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SCREENING FOR DEMENTIA: IS 1 SIMPLE QUESTION THE ANSWER?
  1. Baba Aji,
  2. Andrew Larner
  1. Walton Centre, Liverpool

Abstract

Objective To examine the diagnostic utility of the dementia screening question from the DoH Dementia CQUIN document (2012) in consecutive patients in a dedicated epilepsy clinic, individuals in whom memory complaints are common.

Results 100 consecutive outpatients (M:F=61:39, median age 44.5 years) were asked ‘Have you been more forgetful in the past 12 months to the extent that it has significantly affected your life?’, as advocated in the Dementia CQUIN document. There was a 48% yes response. No patient was adjudged to have dementia. Comparing the yes/no groups, there was no difference in sex ratio, age, seizure type, or use of antiepileptic drugs (monotherapy versus polytherapy). Those answering yes were more likely to be follow-up than new patients. Intergroup difference in epilepsy duration showed a trend to longer duration in the yes group. The most common examples of memory problems volunteered were forgetting to attend appointments, take medications, or switch off appliances, suggestive of attentional rather than mnestic problems.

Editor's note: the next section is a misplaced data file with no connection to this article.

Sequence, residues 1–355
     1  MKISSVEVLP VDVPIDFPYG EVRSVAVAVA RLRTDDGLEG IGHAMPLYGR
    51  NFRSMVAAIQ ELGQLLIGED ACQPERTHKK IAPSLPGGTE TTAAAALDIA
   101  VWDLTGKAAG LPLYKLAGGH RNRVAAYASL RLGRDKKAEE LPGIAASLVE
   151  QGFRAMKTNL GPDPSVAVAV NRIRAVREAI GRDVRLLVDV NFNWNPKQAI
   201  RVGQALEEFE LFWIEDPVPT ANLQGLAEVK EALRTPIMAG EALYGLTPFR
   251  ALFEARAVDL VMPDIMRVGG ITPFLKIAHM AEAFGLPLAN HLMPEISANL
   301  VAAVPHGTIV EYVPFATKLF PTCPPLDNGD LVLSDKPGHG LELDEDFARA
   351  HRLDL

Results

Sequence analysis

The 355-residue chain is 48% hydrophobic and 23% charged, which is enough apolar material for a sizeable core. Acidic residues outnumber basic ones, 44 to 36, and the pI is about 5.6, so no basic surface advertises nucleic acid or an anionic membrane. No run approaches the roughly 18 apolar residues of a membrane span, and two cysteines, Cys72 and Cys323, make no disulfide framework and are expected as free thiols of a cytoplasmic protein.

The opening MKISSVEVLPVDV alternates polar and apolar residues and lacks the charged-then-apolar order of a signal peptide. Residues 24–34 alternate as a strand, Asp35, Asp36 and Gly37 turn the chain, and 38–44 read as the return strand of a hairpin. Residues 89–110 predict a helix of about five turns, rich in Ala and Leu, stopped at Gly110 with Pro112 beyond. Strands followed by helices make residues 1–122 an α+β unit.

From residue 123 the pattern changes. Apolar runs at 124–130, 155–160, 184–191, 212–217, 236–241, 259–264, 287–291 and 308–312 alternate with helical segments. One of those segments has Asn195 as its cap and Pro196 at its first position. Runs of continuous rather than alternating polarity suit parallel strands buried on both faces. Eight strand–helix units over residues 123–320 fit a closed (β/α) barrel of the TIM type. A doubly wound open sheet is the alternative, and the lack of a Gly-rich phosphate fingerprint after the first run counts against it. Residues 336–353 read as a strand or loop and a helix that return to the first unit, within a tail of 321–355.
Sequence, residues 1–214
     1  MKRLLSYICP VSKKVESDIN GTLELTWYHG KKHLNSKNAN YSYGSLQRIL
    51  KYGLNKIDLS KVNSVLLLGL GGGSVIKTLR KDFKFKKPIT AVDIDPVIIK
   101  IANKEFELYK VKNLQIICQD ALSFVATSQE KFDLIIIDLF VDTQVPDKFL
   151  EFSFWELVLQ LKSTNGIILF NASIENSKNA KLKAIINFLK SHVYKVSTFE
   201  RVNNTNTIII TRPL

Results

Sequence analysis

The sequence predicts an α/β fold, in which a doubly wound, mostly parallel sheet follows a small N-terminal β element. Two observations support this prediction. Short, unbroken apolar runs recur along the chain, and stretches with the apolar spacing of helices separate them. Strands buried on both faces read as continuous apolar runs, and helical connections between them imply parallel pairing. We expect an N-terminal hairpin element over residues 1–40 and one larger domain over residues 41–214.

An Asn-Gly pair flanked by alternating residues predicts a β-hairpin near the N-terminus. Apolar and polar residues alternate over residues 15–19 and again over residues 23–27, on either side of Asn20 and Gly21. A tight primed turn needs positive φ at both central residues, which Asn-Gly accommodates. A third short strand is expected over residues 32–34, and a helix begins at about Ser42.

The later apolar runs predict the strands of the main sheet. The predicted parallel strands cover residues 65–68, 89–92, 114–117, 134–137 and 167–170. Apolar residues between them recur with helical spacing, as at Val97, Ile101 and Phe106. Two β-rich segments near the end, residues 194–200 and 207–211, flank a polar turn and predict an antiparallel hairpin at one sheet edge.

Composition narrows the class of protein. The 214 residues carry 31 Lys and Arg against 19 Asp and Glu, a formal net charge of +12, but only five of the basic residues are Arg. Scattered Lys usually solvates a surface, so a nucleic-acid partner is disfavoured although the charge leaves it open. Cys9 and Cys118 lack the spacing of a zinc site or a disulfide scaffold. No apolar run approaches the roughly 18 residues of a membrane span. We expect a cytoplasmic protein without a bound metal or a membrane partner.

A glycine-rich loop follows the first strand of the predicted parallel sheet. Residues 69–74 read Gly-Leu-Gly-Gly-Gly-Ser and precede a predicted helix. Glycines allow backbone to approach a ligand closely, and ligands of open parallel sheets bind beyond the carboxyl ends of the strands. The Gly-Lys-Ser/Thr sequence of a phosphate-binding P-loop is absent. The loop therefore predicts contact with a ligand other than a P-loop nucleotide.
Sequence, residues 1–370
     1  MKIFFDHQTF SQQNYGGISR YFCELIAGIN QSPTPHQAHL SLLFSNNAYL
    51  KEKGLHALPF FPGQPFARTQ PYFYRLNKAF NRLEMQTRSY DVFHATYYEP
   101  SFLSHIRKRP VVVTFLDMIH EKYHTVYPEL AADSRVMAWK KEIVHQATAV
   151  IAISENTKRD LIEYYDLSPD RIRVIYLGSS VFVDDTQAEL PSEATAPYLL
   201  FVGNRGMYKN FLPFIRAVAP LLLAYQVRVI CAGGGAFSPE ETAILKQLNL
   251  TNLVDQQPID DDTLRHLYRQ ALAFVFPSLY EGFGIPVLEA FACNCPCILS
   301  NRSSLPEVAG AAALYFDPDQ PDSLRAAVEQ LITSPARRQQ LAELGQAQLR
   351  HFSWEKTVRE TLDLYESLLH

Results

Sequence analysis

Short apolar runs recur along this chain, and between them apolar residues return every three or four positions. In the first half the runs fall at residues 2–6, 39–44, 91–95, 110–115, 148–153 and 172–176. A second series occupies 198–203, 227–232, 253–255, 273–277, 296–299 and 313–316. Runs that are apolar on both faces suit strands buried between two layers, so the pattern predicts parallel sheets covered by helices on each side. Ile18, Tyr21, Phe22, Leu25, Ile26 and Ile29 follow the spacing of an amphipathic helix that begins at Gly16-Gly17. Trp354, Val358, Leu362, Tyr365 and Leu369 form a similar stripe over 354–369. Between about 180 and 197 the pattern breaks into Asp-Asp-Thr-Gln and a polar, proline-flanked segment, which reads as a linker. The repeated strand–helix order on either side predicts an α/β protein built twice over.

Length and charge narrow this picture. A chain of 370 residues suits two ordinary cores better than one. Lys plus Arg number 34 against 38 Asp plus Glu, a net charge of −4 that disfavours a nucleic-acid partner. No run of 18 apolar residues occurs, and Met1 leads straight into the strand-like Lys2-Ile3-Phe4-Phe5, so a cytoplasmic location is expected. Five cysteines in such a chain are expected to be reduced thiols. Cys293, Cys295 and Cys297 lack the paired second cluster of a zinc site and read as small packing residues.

Conclusions These data suggest that the Dementia CQUIN screening question has very low specificity, and hence will identify many false positives, with risk of overdiagnosis of dementia in individuals with purely subjective memory impairment.

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